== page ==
I was a freshman at the University of Georgia, and a doctoral student performed Andre Previn's Sonata for Bassoon and Piano, and I am pretty sure my mouth actually dropped open. I was so nerdishly giggly and head over heels in love. I swore that I would play it "when I was ready" (whatever that meant to 18-year-old Cayla). I didn't even listen to it again for a long time, purely out of fear that in the harsh light of a second listening I would fall out of love.
So I'll ask again: do you remember the first time you thought your instrument was awesome?
In addition to being a warm fuzzy and self-assuring sentiment, this realization has motivated me through the tough practice sessions lately. While I've written before about the tools of slow and the dangers of angry practicing, this is even more fundamental. For me, this has been the answer to the "why am I doing this?"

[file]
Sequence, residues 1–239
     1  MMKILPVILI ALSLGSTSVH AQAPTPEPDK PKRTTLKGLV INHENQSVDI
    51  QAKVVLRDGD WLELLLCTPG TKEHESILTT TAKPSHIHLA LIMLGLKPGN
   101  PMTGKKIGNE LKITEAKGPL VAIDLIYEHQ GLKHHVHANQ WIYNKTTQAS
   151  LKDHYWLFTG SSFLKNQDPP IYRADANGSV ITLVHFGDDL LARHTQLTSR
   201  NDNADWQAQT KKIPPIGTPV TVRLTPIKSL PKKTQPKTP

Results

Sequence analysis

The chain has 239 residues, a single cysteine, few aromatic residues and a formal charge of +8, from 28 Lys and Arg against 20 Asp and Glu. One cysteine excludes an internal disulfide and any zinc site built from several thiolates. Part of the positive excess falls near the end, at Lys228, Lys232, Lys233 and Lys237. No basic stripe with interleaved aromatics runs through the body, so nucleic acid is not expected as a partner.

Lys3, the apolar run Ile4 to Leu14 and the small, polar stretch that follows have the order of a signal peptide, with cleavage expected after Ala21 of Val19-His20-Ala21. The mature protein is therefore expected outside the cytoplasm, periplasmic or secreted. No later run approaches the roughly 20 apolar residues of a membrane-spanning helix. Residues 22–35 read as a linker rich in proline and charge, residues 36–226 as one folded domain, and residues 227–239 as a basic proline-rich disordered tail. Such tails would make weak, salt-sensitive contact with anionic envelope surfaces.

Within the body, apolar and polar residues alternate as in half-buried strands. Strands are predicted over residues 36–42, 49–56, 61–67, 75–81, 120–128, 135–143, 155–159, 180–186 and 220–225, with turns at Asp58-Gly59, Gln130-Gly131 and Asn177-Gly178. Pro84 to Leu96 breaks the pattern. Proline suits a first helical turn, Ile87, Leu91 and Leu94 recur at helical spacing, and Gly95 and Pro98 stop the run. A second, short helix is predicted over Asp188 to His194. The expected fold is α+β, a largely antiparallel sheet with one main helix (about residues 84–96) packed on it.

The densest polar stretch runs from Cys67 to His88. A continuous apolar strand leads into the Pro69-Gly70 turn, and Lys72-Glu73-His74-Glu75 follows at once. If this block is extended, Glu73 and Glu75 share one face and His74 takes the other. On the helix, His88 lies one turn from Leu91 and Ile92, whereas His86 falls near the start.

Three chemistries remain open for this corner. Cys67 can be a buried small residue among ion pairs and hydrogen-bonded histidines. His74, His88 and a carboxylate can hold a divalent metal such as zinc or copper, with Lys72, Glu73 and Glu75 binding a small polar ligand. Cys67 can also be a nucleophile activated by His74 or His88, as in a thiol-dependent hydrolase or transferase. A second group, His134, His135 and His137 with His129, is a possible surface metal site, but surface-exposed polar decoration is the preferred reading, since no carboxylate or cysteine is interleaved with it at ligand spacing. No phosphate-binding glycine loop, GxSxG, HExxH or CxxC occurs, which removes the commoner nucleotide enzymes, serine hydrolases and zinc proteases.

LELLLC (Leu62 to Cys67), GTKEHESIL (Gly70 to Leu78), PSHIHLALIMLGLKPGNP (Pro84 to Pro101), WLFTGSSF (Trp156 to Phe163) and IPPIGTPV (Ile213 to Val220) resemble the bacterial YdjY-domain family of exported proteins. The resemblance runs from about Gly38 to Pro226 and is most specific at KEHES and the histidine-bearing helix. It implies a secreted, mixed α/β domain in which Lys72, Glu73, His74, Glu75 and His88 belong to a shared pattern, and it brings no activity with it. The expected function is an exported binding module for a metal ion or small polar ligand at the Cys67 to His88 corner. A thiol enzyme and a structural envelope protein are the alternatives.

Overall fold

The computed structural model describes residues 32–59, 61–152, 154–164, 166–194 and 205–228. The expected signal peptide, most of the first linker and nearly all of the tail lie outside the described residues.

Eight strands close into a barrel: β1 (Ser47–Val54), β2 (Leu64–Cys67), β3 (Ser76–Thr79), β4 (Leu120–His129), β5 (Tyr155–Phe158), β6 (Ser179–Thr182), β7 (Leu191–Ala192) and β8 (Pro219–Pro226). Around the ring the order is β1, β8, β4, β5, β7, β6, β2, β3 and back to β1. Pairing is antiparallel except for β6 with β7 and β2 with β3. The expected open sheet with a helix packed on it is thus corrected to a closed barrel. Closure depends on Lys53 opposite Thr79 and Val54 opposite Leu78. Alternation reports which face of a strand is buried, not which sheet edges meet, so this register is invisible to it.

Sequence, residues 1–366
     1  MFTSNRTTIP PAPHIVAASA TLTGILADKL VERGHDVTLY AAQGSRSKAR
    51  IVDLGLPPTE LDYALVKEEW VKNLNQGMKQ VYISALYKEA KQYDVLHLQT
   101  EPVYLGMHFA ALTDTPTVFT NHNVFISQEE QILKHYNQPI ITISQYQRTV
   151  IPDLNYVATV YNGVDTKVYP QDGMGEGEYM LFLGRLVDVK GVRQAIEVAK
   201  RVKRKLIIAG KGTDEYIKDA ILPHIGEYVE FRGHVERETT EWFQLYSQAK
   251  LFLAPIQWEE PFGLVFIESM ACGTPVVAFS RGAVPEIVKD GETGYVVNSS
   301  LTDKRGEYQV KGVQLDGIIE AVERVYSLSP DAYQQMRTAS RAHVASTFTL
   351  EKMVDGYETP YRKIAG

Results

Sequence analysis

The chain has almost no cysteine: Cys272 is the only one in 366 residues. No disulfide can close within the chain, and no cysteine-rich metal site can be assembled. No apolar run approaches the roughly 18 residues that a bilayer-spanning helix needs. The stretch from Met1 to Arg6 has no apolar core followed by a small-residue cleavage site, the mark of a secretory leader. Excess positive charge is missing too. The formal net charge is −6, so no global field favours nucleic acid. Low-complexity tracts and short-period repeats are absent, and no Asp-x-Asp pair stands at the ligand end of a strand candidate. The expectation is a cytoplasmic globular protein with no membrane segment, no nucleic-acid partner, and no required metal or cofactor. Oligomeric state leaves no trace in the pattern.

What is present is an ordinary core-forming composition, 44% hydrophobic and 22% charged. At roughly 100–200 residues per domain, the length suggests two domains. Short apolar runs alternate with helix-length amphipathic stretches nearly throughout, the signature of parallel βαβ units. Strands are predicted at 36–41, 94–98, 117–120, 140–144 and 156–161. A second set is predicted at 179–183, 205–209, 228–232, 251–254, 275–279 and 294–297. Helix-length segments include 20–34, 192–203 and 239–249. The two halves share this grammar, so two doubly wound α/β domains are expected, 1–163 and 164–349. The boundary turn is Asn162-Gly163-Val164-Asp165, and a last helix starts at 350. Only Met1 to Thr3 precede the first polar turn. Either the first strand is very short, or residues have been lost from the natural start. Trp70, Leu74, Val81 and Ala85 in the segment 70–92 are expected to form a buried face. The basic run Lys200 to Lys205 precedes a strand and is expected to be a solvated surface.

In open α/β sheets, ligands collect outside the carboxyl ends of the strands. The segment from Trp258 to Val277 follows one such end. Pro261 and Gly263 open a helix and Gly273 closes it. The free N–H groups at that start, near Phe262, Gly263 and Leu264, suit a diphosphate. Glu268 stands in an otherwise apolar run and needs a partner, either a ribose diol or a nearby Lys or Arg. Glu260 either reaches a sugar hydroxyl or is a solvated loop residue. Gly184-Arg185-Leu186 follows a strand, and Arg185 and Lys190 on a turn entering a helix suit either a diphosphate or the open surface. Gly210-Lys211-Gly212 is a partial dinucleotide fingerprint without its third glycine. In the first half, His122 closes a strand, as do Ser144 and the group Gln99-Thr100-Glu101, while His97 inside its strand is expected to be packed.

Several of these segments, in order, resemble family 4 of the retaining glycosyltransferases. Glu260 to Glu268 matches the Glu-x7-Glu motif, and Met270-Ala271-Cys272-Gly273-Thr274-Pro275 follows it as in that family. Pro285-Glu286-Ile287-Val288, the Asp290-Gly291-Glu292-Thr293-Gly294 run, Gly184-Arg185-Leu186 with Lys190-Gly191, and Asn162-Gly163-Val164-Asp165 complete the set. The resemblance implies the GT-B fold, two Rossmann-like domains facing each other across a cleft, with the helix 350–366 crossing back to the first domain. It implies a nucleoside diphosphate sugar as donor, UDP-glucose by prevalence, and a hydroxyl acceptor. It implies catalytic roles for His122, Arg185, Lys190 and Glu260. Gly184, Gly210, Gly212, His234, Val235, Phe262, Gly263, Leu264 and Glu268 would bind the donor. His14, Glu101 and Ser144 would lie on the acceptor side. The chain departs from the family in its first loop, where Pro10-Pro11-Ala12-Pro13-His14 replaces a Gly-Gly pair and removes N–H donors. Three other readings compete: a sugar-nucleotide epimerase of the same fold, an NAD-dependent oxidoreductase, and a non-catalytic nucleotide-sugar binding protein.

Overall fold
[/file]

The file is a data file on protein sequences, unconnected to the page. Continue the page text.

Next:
These past few weeks, I have been working on David Maslanka's Sonata. In a break from one particularly tricky section, I wandered my way onto Instagram:
What if you were the moment someone realized music is awesome?
Now get to it. Go be awesome.